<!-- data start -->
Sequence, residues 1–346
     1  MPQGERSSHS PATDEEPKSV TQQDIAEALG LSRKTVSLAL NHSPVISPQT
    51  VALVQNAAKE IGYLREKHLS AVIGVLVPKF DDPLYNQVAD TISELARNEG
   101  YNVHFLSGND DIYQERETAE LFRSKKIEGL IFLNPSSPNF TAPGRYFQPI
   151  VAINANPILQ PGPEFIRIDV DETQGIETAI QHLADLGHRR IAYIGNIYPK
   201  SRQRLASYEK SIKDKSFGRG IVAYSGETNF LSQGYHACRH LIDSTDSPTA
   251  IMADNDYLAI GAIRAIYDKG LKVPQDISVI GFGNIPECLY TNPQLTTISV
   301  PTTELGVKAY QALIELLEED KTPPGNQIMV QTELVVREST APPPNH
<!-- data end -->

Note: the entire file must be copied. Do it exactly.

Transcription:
Sequence, residues 1–346
     1  MPQGERSSHS PATDEEPKSV TQQDIAEALG LSRKTVSLAL NHSPVISPQT
    51  VALVQNAAKE IGYLREKHLS AVIGVLVPKF DDPLYNQVAD TISELARNEG
   101  YNVHFLSGND DIYQERETAE LFRSKKIEGL IFLNPSSPNF TAPGRYFQPI
   151  VAINANPILQ PGPEFIRIDV DETQGIETAI QHLADLGHRR IAYIGNIYPK
   201  SRQRLASYEK SIKDKSFGRG IVAYSGETNF LSQGYHACRH LIDSTDSPTA
   251  IMADNDYLAI GAIRAIYDKG LKVPQDISVI GFGNIPECLY TNPQLTTISV
   301  PTTELGVKAY QALIELLEED KTPPGNQIMV QTELVVREST APPPNH